Mr Henry Lai, Past Chairman of HKIoD and current Chairman of the Institute’s Corporate Governance Policies Committee, has in mind a number of measures for enhancing the system of INEDs, though the introduction of a Lead INED would not be among such measures. “Firstly, we should review the selection criteria of INEDs, such as independence, special roles expected of each INED, board diversity, et cetera, including the procedures for appointing INEDs,” said Mr Lai. “In addition, priority must be given to initial and ongoing education and training of INEDs. In some other jurisdictions, it is a developed culture for the INED and the company to seek recognised training in INED practices. Companies should also be encouraged to have more professional and experienced directors appointed as INEDs.”
“Secondly, meetings with independent shareholders can be set up for INEDs collectively before every EGM to discuss and explain the resolutions that the EGM seeks to pass, in supplement to the recommendations made by the independent board committee and independent financial adviser (“IFA”),” explained Mr Lai. “Such meetings can be arranged in the interest of serving as another bridge between shareholders and the board, in addition to the company’s Investor Relations communications. In performing their duties, INEDs should be allowed to choose their own IFAs.”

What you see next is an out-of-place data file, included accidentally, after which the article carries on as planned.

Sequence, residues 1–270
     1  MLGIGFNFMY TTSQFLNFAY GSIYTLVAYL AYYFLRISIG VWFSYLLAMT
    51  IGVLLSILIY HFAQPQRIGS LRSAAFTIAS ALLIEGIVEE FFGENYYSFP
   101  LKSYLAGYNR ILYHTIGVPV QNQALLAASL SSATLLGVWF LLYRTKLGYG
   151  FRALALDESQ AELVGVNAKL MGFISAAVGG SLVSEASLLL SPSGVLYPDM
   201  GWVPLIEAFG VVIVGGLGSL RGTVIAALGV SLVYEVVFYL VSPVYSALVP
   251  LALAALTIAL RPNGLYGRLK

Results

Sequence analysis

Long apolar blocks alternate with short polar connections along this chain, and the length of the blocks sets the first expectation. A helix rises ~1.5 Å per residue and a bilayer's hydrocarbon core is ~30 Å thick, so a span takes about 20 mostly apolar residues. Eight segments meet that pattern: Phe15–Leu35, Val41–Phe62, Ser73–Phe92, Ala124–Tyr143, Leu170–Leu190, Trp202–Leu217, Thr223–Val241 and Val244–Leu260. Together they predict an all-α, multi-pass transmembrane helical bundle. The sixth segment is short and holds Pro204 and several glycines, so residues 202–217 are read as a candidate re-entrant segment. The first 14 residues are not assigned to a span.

“Thirdly, the inclusion of an INED report in the company’s annual report is another measure to enhance the accountability of INEDs,” added Mr Lai.
Dr Carlye Tsui, CEO of HKIoD, observed, “INEDs need to be educated continually in order to remain up to date on trends of corporate governance. Currently, many companies do not seem to understand or appreciate the functions and benefits of INEDs; hence, they too need to be educated. Continuing education, for both INEDs and other directors and management, is significant in increasing understanding and in encouraging collaborative working relationships, which ultimately result in bringing the true value of INEDs’ contribution to realisation.” She further said, “Corporate governance is in continual evolution. While executive directors and management may be preoccupied with business development, INEDs can act as catalyst for championing board leadership in such issues as ESG adoption and board evaluation. This will enhance the effectiveness of INEDs.”